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Saturday, February 18, 2006

Animal Dreams

On Sunday night I felt chilled and heaped a comforter on the bed—an enormous billow of down. I finally got warm, snuggled against my husband and under that warm snowdrift. About three in the morning, N. woke up and came running into the room and hurled himself onto the bed. By the time he wriggled under the covers, I was quite warm and woke up enough to thrust the comforter lower on the bed.

Later I woke up sweating, with N. clamped around my neck. I'd been dreaming that a strange, ugly animal had gotten into the house. It had attacked our chocolate lab; her severed head was lying on the kitchen floor. It went on to kill Theodora, the calico, and Lady Azure. In keeping with her utter sweetness and lack of personality, the blue Persian was only a tiny handful of fluff and so was destroyed by a single bite. My children were standing around, all three looking younger and smaller and wholly vulnerable; I cornered the beast—it seemed to be some sort of wild dog—and forced it into the oven. My husband appeared and helped me at some point during the awful struggle. And then we held the glass door shut and turned the knob to “broil.”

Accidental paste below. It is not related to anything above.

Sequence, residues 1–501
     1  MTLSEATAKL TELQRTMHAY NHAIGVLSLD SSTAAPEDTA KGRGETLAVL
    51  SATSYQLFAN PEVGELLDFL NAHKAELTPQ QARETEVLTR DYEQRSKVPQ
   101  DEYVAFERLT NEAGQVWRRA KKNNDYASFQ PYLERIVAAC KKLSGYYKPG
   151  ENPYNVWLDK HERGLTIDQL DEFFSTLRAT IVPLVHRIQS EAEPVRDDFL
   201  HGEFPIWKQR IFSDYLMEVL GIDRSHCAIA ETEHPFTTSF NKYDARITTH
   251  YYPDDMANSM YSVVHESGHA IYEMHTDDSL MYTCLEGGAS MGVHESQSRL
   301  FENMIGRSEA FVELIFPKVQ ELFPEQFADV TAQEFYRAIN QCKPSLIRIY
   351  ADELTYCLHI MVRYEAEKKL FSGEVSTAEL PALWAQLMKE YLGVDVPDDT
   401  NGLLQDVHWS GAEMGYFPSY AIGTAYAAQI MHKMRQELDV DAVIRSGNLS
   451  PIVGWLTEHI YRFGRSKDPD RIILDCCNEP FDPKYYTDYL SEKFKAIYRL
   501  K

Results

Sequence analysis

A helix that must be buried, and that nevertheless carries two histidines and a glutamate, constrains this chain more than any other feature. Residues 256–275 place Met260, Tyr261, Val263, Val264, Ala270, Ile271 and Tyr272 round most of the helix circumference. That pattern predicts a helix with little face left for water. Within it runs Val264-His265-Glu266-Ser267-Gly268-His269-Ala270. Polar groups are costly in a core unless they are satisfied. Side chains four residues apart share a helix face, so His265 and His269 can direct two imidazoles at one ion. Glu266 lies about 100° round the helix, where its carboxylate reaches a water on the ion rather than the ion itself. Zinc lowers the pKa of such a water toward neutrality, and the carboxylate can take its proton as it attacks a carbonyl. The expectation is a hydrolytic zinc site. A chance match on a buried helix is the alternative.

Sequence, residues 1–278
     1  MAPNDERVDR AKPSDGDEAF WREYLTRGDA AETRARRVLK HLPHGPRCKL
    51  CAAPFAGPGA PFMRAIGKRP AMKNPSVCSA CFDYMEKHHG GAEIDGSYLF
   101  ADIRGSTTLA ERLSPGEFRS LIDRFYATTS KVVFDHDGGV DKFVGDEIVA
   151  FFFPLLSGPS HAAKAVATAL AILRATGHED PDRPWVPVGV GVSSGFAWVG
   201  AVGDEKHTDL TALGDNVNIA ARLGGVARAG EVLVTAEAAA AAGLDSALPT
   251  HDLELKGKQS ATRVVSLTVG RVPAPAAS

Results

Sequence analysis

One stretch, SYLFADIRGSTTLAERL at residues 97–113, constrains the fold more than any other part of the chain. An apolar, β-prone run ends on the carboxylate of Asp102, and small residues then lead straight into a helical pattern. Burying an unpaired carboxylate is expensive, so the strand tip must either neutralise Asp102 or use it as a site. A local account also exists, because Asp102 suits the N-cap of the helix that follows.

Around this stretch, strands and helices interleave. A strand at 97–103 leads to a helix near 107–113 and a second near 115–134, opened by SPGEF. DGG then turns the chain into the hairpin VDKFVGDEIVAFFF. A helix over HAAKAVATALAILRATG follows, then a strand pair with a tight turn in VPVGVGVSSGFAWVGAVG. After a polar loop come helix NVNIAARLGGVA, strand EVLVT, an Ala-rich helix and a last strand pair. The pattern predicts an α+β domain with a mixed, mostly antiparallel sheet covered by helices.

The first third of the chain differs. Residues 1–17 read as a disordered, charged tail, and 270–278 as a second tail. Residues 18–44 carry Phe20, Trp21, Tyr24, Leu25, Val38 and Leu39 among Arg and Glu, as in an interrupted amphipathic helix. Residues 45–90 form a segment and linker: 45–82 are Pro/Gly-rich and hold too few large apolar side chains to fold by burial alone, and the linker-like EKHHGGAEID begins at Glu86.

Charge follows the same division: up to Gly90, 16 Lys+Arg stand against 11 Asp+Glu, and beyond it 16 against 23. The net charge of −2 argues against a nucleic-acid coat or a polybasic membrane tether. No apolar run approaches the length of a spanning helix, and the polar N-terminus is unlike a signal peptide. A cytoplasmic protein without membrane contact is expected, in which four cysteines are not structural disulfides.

All of that makes a kind of sense: the bed was an “oven”; mother dreams run easily enough to fears about the fragility of children. I leaped out of bed about 6:45, feeling sand-bagged but glad to be released from sleep, and started prodding my children to progress toward being clean and shiny for school.

As I was bending over my youngest, who was putting on his socks, he looked up at me and said, very slowly, “Is there another animal in the house?”

“No,” I said, the hairs at my nape prickling.

I changed the subject but came back to it in a few minutes. “Why did you think so?”

He didn’t have an answer, but I still retained a sense of the uncanny long afterward, and I jumped in surprise when I found Hanna-the-lab just behind the basement door. I didn't talk about the dream, because it bothered me. Yet it managed to linger. At dinner, when N. was trying to decide if a dozen was a lot or a little, R. told him that 12 bites from a wild dog would be a lot...